Rain has given some of NSW's drought-affected communities a boost and lifted their spirits but it's not enough to break the drought.
The state's coast copped extraordinarily high amounts of rainfall over the weekend, with Sydney recording its heaviest drenching in three decades and copping gale-force coastal winds.
The rain filled dams, put out bushfires and helped ease drought conditions but also caused flash flooding, mass power outages and millions of dollars in damage across the state.
NSW Farmers says good rainfall in the state's north boosted soil moisture and was a "huge relief" for many livestock producers.
"The psychological boost that this rain has provided is vitally important," the organisation's president James Jackson said in a release on yesterday.
"It's amazing what looking at green pastures can do for livestock and dairy farmers."
However, he said heavy rainfall on the coast was not good news for oyster farmers, with ash and sediment run-off from recent bushfires expected to affect water quality.
The rain was also patchy, particularly in the central west, and some farmers missed out.
Les and Laura Jones' paddocks at Goolhi, near Gunnedah, have turned a lush green with the couple getting more than 60mm at their farm since Thursday.
But Mrs Jones told AAP it was "a false green" if they didn't have more rain incoming, and the Bureau of Meteorology says it will take prolonged follow-up falls to break the drought.
Meanwhile, more than a month after Gail Taylor abandoned her Conjola Park home as fire burned around her, she says it feels "amazing" and cleansing to have some rain.
But recent falls have proven a double-edged sword for her NSW South Coast community as it recovers from the bushfires, with the a flood evacuation warning issued on yesterday for parts of the nearby Lake Conjola area.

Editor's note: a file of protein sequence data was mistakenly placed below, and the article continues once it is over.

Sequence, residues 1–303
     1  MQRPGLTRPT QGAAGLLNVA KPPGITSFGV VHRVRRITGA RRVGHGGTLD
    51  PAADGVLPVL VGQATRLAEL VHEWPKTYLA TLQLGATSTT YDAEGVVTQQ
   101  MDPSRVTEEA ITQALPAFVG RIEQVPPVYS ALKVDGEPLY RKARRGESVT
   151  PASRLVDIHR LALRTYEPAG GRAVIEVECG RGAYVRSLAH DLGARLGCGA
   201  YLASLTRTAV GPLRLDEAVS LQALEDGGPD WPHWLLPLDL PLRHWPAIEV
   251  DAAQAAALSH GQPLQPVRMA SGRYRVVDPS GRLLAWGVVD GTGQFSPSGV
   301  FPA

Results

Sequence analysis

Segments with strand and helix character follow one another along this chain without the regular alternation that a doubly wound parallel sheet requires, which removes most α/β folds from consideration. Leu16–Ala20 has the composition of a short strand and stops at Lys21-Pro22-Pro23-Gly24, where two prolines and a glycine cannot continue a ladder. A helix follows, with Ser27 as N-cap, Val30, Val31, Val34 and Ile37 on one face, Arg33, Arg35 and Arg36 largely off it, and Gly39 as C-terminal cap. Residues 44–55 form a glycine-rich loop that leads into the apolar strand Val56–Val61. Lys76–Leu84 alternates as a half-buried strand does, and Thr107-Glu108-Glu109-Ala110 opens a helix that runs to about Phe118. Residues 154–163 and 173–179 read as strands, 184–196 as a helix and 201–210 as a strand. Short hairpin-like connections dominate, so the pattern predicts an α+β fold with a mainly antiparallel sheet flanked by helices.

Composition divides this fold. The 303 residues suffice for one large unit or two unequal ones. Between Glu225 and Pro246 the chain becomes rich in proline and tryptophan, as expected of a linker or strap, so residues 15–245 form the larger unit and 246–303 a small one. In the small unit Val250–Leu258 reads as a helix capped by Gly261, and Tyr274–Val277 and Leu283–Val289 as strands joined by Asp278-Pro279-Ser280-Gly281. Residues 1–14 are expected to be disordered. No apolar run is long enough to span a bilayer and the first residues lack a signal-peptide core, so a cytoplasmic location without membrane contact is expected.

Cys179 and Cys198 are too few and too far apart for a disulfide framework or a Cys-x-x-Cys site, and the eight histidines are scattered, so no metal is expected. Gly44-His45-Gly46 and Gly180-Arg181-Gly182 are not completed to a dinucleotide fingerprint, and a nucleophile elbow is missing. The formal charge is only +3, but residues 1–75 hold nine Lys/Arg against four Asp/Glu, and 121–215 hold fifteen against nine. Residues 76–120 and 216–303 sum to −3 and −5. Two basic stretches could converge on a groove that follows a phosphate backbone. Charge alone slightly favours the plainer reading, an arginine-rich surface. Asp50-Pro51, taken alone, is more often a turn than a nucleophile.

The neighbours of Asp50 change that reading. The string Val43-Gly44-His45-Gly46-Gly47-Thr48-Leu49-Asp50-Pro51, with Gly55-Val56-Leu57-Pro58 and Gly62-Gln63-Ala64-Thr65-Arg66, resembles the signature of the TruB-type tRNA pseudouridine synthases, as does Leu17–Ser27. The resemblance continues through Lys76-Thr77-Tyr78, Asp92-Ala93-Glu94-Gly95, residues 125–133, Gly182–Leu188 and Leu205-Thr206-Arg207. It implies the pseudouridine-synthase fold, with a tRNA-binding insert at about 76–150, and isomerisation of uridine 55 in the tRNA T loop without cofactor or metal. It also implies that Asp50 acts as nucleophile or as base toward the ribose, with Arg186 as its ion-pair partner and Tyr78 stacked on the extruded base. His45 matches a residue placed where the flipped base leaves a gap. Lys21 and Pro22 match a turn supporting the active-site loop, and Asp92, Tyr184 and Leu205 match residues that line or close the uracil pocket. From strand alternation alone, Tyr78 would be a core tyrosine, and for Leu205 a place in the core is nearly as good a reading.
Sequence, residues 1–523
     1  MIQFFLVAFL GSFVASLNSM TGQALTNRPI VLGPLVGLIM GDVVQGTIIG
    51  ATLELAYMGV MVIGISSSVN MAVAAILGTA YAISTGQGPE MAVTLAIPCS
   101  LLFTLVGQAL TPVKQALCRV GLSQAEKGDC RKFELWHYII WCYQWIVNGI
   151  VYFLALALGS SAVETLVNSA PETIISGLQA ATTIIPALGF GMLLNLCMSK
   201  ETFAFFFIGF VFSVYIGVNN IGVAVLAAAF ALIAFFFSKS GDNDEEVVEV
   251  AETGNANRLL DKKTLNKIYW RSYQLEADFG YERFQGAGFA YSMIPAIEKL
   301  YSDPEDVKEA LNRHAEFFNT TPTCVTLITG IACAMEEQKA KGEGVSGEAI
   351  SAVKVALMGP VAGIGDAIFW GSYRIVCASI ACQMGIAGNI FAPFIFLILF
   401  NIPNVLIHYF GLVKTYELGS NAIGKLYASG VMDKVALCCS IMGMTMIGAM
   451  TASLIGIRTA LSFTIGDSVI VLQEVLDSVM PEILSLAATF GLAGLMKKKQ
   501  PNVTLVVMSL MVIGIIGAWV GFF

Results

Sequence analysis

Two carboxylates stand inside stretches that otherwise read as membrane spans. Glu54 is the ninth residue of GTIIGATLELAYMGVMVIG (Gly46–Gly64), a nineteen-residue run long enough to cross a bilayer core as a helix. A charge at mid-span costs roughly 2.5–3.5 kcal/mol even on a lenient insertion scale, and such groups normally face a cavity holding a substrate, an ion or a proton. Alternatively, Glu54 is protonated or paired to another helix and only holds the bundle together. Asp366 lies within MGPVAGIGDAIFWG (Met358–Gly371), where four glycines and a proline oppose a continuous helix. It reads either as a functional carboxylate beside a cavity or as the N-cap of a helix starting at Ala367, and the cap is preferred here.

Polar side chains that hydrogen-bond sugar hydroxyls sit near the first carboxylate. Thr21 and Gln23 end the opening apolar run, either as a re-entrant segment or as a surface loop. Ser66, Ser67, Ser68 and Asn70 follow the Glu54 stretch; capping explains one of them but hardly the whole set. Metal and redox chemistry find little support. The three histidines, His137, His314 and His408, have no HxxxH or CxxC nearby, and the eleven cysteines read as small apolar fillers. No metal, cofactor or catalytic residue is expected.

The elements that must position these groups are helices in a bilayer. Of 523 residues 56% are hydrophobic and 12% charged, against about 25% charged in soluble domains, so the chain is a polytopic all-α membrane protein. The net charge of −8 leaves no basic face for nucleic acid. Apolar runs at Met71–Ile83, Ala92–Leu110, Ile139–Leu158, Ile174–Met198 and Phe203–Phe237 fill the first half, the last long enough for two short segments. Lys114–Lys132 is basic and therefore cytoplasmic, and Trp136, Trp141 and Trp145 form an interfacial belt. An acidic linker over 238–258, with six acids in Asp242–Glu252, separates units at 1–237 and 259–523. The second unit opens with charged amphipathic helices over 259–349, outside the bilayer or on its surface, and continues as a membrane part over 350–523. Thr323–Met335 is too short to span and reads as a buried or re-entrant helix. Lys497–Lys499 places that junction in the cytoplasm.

"It's definitely a relief but you've got two separate things here," Ms Taylor told AAP.
"The people down the bottom (Lake Conjola) weren't as severely impacted with the fires and now they're having the floods.
"It is a lot to deal with as a community. Two separate things but both major."
Ms Taylor and her husband initially stayed to defend her property when a flank of the massive Currowan fire swept through the area on New Year's Eve, only to leave when "both sides of us were on fire".
Her home was spared while several neighbouring properties were destroyed.
She said the rain had a cleansing effect after a period where "everything felt dirty and all the time our houses inside were dirty".
"To get back to clean and the air is clean, you just automatically feel much better," she said.
News over the weekend that the Currowan fire had been extinguished felt like progress but she said they still had a major fire hazard, with debris and burnt leaves remaining.
At nearby Sussex Inlet, David Warner said it felt good to get rain but for a while there it had been cause for concern.
"It's been torrential here for the last four days straight," Mr Warner told AAP on yesterday.
"I was getting real bad anxiety this morning because we were getting too much and I was worried about getting flooded, because I live right on the river."
Mr Warner, who spent one night at an evacuation centre as fire raged on New Year's Eve, said it was great to see blackened areas getting water.
Fellow Sussex Inlet local Pamela McCann said she was away for the rain but it had been a "big relief" to hear the Currowan blaze had been put out.